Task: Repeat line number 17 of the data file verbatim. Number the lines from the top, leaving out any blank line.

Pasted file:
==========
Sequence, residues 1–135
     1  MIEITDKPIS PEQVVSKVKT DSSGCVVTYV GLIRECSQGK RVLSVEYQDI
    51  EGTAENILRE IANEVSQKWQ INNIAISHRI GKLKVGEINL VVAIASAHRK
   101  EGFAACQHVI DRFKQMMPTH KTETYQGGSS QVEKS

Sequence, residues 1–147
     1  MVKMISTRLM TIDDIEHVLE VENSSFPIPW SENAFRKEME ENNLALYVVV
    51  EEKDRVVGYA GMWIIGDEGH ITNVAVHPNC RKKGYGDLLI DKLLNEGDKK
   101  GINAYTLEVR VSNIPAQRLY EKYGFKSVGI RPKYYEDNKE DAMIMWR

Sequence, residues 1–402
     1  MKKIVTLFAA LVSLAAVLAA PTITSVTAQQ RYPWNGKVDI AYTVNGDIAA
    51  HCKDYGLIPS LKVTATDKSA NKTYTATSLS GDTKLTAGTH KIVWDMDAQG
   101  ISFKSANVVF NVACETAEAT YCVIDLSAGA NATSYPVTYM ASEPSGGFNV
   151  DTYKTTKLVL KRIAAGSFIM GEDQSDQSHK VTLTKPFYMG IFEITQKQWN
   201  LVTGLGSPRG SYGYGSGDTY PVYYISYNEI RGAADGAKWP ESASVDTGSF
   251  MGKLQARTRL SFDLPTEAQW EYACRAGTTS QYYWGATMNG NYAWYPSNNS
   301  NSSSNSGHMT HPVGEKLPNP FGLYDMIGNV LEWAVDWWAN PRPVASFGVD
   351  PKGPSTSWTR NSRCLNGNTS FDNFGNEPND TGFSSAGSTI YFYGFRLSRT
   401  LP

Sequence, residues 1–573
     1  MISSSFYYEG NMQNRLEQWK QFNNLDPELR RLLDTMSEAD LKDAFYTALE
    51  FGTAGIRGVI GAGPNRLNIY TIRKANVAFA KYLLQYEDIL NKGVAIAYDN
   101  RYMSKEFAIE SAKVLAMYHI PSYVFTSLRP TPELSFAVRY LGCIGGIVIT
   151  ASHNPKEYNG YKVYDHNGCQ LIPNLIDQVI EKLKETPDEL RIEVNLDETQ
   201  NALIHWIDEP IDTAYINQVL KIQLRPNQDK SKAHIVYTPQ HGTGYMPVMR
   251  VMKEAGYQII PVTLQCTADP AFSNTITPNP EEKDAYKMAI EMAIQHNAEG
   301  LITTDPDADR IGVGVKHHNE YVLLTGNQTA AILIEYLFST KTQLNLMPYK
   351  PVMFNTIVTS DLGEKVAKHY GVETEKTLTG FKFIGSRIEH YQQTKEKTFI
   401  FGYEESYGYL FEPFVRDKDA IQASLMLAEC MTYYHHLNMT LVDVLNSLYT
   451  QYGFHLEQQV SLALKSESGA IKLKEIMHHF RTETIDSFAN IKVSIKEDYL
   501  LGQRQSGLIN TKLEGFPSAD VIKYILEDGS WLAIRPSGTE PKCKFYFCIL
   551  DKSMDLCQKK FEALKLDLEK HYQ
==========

   351  PKGPSTSWTR NSRCLNGNTS FDNFGNEPND TGFSSAGSTI YFYGFRLSRT